When talking about genres due for a revival, the musical and western genres tend to draw all of the attention, when there’s one genre that has been long underserved in this regard: The classic film genre of hot-merman-sex.

I believe Cecil B. DeMille said it best when he said, “Hot merman sex is truly that most sacred of genres, the pinnacle of filmmaking mastery.” Of course, he was describing his classic 1925 silent film, SEX WITH A MERMAN. a noteworthy landmark in a long and storied career, and then it was only the Silver Age of hot merman sex movies, with the Gold Age yet to come.

By 1973, when Stanley Kubrick made the hot-merman-sex film, WATER BETWEEN OUR EYES, a three-hour epic featuring the world’s first explicit merman sex scene, the genre was well on the decline.

But lo! Guillermo del Toro, that modern master of hot-merman-sex filmmaking, is here to revive the hot-merman-sex genre with the latest, and perhaps greatest, entry in the history of this niche genre. With frequent collaborator Doug Jones (the boogeyman from PAN’S LABYRINTH, who debuted his hot merman character for del Toro’s HELLBOY films). Though his character in the HELLBOY series received a notable romantic ark, del Toro has really racheted up the interest in hot merman sex. THE SHAPE OF WATER is a gorgeous and lovely film, featuring an entirely memorable lead performance by the great Sally Hawkins, undoubtedly deserving of an Oscar nomination at the very least (I won’t spoil it but this is the rare performance that demands a lot of an actress with a high bar for error, and Hawkins nails it).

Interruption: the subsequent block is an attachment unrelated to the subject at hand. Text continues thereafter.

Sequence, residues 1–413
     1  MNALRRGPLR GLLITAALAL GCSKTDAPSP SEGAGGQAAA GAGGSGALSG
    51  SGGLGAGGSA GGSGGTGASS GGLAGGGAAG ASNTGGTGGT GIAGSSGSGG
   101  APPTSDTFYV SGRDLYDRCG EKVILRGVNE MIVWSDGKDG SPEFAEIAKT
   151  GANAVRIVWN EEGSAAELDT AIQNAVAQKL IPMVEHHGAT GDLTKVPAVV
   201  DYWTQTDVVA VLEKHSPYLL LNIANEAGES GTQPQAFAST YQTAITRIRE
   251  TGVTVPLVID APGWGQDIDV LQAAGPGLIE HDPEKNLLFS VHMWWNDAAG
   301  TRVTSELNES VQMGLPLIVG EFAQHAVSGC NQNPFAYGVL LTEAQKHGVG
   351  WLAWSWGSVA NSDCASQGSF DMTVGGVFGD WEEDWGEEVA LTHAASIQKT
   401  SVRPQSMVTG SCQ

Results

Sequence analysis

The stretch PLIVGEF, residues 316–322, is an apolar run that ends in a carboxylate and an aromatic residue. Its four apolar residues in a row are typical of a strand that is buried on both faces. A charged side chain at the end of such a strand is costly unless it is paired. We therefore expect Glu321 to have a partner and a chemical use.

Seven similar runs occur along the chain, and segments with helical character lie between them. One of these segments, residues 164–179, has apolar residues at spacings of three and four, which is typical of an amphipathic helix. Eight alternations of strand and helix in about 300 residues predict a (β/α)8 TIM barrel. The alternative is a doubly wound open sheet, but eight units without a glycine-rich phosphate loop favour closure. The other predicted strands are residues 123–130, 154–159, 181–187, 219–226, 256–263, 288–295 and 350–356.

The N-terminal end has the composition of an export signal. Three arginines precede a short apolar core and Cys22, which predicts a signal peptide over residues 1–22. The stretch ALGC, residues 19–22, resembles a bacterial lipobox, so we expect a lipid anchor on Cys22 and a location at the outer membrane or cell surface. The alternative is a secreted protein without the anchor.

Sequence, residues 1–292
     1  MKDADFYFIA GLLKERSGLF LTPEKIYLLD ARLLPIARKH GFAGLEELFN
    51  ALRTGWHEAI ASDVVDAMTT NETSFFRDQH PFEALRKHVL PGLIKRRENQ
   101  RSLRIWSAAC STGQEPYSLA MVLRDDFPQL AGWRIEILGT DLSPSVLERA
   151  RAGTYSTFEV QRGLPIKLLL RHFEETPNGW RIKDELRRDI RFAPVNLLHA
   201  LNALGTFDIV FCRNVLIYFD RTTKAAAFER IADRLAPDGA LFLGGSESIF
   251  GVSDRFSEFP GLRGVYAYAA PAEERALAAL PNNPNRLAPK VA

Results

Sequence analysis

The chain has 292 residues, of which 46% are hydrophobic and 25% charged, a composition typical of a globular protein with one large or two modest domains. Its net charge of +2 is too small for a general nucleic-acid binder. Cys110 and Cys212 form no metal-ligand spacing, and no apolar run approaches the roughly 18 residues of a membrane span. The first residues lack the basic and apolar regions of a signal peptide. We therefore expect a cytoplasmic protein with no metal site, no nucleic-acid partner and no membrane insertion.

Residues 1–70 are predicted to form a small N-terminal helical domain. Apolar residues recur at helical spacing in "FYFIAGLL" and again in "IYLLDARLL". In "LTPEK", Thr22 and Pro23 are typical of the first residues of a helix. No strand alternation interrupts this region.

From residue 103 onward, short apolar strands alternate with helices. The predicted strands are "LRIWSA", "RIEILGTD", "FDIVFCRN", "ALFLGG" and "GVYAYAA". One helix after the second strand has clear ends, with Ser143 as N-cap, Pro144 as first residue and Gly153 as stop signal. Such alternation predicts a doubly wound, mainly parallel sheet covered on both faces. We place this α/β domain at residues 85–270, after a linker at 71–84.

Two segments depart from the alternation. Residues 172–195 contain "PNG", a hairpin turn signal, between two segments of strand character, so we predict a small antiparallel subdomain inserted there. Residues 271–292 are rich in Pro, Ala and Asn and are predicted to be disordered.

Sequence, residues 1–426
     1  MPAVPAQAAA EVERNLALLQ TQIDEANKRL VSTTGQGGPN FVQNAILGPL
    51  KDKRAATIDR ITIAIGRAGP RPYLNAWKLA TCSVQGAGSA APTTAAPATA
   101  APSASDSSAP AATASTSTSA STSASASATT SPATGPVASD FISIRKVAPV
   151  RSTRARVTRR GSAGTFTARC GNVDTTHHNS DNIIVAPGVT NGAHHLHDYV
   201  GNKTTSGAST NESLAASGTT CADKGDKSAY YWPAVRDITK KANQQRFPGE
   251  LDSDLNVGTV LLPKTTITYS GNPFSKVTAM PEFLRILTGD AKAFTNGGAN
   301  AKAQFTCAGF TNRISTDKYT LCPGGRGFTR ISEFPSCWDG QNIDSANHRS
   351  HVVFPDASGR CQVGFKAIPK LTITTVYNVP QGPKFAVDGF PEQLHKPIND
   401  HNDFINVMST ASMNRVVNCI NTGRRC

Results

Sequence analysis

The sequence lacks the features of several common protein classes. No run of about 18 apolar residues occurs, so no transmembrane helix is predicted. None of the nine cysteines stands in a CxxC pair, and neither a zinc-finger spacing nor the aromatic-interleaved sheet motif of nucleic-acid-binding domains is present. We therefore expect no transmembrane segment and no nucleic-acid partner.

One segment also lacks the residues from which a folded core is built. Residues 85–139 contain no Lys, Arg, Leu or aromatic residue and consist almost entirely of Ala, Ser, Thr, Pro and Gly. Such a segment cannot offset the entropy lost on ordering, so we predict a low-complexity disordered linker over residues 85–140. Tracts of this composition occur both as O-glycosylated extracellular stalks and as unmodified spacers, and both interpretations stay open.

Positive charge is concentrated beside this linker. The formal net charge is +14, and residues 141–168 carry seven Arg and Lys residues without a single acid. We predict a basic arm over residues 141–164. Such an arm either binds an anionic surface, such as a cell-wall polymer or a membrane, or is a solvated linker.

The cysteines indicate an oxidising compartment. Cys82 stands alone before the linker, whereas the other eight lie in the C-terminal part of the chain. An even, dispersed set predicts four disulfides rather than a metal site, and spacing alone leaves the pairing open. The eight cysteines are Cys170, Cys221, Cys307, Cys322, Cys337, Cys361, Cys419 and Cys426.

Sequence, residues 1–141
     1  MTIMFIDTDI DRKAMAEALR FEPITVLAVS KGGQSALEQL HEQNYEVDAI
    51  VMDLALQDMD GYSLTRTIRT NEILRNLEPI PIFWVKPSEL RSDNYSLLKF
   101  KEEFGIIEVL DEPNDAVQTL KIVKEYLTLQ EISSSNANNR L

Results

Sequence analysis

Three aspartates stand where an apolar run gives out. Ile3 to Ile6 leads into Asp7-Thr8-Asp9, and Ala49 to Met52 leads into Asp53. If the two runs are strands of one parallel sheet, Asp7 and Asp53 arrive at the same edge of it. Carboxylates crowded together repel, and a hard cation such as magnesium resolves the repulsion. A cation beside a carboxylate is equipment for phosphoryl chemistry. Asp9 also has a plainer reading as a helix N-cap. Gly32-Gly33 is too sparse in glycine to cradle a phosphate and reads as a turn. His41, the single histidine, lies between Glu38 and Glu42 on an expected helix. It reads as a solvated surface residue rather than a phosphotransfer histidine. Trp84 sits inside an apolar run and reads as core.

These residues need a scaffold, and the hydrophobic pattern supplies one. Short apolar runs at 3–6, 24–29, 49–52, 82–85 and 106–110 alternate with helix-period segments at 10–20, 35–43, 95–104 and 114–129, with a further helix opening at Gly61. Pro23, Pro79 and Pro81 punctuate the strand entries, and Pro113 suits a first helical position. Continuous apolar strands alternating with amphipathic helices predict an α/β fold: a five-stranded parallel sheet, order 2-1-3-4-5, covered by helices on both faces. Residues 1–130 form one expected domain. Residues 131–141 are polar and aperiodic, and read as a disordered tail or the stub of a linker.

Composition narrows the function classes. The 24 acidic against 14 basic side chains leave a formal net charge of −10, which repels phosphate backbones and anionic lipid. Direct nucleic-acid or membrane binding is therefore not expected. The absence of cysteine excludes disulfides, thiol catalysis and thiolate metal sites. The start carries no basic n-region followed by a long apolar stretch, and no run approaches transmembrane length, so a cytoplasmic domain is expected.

Alongside Hawkins is a cast of strong performances, including national treasure Richard Jenkins, the sneering and villainous Michael Shannon (and his bug eyes, of course), Octavia Spencer, in a thankless but note-perfect performance, with perfect comic timing, and the effortful, delightful performance of Michael Stuhlbarg.

Alexandre Desplat’s score is loving and finely attuned to every moment of Guillermo del Toro’s fancy, every moment of his tension. It’s a stylized score to match del Toro’s heavily stylized film.

Guillermo del Toro is cinema’s preeminent fabulist, and nobody but him could pull off such a strong entry in the hot-merman-sex genre, one that feels so loving and attuned to its audience and its characters, to a sense of whimsy. Some have said this is del Toro’s finest film since PAN’S LABYRINTH. It’s not a claim I feel I could argue against.

What a delight. If THE SHAPE OF WATER can revive the hot-merman-sex genre, one can only imagine what genre Guillermo del Toro will try to revive next.

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